This article focuses on enriched uranium, from which a fission bomb might be made. The material seized in Moldava was similar to two other seizures – in Bulgaria in May 1999 and in Paris in July 2001. In all three cases, the sellers claimed to have a larger cache of material, which Birch and Smith say “is considered credible by experts who have studied the three incidents.” Middlemen have been caught and prosecuted, but whoever has whatever cache there may be remains unknown. Analysis of the samples points to the Mayak Production Association in Ozersk, one of Russia’s major nuclear processing centers, as the origin of the material.

In all three cases, granular uranium metal contained in glass ampoules was packed in a lead container. The ampoules were typical of samples taken from production runs. This is a routine procedure, so that if something is found to be wrong with material from a run, engineers can go back to the sample and check it out. A vacuum system is necessary for packing the ampoule. The sample is put in a test-tube-shaped container that is necked down at one point. Once the sample is in the container and the system pumped out, a glassblowing torch is used to seal it at the narrow point. It’s a common technique; I have done it for samples of plant pigments.

The Bulgarian sample was determined to have been packed in late 1993. That, and the requirement for a vacuum system, means that it was probably packed at Mayak, not taken from a larger amount by the smugglers. As Matthew Bunn was quoted in the article, it’s possible that someone went into the sample storage room and swept a number of ampoules into a briefcase.

Or put one in his pocket every day and took it home. We don’t know how many ampoules were taken, unless there is a classified accounting. Each ampoule contains maybe ten or twenty grams. The 10 kilograms that the article says are needed for a sophisticated bomb design would require 500 to 1000 of those ampoules. Which would have to be opened, the material melted and machined into shape, and conventional explosives, detonators, and timers would have to be added very precisely.

Birch and Smith repeat previous descriptions of other seizures, which gives the impression of large amounts of uranium available. They give no basis for believing there is a cache of material. From this article, it is just as believable that the three ampoules from Mayak are all anyone had.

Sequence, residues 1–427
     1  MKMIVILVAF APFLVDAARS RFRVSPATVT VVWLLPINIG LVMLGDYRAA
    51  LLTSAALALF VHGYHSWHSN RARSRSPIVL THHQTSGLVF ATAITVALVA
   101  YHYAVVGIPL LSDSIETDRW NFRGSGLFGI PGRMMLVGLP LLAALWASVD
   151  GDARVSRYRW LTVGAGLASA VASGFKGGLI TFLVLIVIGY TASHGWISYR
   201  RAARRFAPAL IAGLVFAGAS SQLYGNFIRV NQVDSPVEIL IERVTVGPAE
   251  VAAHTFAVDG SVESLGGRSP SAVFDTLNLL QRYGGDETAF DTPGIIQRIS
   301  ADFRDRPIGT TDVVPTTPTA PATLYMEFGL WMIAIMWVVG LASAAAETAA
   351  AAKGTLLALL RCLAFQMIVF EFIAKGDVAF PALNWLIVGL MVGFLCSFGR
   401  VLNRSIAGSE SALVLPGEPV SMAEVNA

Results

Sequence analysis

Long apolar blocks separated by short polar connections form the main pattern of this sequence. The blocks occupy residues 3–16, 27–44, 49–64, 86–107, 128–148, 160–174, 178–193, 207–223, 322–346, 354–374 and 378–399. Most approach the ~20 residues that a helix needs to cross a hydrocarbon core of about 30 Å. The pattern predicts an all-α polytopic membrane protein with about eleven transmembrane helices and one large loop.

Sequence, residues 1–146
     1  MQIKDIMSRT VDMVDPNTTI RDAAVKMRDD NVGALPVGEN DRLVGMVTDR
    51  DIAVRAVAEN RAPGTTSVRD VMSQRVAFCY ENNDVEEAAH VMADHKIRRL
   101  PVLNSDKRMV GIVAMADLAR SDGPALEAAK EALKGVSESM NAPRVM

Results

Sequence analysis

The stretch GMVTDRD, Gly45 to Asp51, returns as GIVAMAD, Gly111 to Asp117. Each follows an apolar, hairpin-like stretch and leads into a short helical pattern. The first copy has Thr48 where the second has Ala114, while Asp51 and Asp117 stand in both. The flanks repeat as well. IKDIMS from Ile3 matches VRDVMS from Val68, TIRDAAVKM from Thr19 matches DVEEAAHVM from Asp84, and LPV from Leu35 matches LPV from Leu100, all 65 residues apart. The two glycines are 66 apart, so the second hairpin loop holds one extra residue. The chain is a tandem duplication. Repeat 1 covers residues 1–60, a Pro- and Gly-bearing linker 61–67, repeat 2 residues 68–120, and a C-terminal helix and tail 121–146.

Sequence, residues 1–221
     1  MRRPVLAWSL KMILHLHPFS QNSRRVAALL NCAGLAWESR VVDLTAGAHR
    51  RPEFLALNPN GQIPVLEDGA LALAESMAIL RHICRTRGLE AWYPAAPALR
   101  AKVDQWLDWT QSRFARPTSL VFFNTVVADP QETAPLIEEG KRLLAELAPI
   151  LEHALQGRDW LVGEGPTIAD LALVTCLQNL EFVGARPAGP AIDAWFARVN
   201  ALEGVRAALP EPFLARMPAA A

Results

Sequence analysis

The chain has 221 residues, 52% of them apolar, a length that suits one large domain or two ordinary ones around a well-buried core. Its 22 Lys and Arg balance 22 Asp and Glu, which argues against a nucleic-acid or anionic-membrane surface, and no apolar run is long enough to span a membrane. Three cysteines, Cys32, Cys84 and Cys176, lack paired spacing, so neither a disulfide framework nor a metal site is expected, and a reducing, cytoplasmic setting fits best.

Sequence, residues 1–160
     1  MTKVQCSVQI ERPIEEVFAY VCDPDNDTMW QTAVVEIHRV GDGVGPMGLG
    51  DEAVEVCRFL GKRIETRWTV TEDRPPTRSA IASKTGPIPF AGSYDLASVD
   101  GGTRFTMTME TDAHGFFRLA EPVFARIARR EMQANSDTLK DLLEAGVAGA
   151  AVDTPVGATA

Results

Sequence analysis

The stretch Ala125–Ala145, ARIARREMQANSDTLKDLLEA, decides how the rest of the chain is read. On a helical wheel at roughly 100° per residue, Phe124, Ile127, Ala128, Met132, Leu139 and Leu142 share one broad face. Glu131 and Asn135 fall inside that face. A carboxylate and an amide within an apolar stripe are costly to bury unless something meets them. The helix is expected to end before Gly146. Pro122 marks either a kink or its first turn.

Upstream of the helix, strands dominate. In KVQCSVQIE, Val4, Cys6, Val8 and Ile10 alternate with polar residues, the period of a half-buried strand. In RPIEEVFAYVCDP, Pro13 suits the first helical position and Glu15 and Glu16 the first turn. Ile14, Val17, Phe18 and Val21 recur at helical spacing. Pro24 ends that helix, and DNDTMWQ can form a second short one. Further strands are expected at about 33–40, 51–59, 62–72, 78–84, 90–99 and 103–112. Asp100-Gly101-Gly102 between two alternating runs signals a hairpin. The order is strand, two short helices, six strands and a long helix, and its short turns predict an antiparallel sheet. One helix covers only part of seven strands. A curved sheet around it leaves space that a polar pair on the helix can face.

For sixteen years, there has been no buyer. The man captured in Bulgaria was unsuccessfully seeking a buyer. For approximately the same amount of time, plutonium was lying around for the picking up – and there were scavengers pulling metal wire out of the ground at Semipalatinsk. Is it possible that terrorists aren’t that interested in a fission weapon? Neither a fission weapon nor an RDD has been detonated in the almost two and a half decades since the Soviet Union broke up. Nor have parts been found in the possession of terrorist groups. Drawings were found in al-Qaeda camps in Afghanistan, but they were sketches only, like the ones you might see in a physics student’s imaginative notes.

Birch and Smith make much of unspecified worries on the part of officials quoted anonymously. They also frame a lack of knowledge about Russian nuclear materials in the scariest way possible: We don’t know that there isn’t an immense stock out there somewhere, just waiting for the right terrorist buyer. That lack of knowledge could equally be framed: we don’t know that any such stock exists. You can make whatever you want out of what you don’t know.

 

The Nuclear Security Summit

President Obama has prioritized securing nuclear materials and has sponsored Nuclear Security Summits to bring nations together to improve methods of securing those materials. Yesterday’s article, by Sam Nunn, Richard Lugar, and Des Browne, focuses on those programs. Unfortunately, the article, following Obama’s lead, focuses on the terrorist threat. We can expect to see satellite articles from the NGOs touting their “Be very afraid” message.

It is a good idea to secure sources and other nuclear materials. When I came back in 1998 from seeing how the Soviets had tossed neutron sources around like used popcorn boxes, I tried to push for more attention to the problem. A few people were working on it at the time, but it was years before funding increased. The Nuclear Security Summit is a good idea to spread the word and share best practices.

The article vaguely mentions 1,800 metric tons of “weapons-usable materials,” 17% of which are civilian materials and 83% are military. What they are talking about is all the fissile materials in the world. Alex Wellerstein developed a nice graphic (small version at top) in this article to show how much that is. But some is in reactors, some in bombs, and most of it is in the hands of governments. Most of it is in forms very difficult to steal. Perhaps informing us of the relative dangers of how much of this total of world fissile material might be more helpful than implying that there are 1,800 metric tons (“tens of thousands of nuclear weapons”) just lying around waiting for the next terrorist to pick up.

 

Because of initiatives led by Nunn, Lugar, and Obama, nuclear materials are locked down tighter than they ever have been, and continuing attention at Nuclear Security Summits helps maintain and improve vigilance. International police forces have intercepted material that people have attempted to sell, only some of which has been fissile material. There is no evidence that a terrorist has bought any or made parts of a fission weapon or RDD. Terrorists typically stick with easily available weapons. Should we do what we can to make sure nuclear materials remain and are made further secure? Certainly. Should those who know better spread fear? I don’t think so.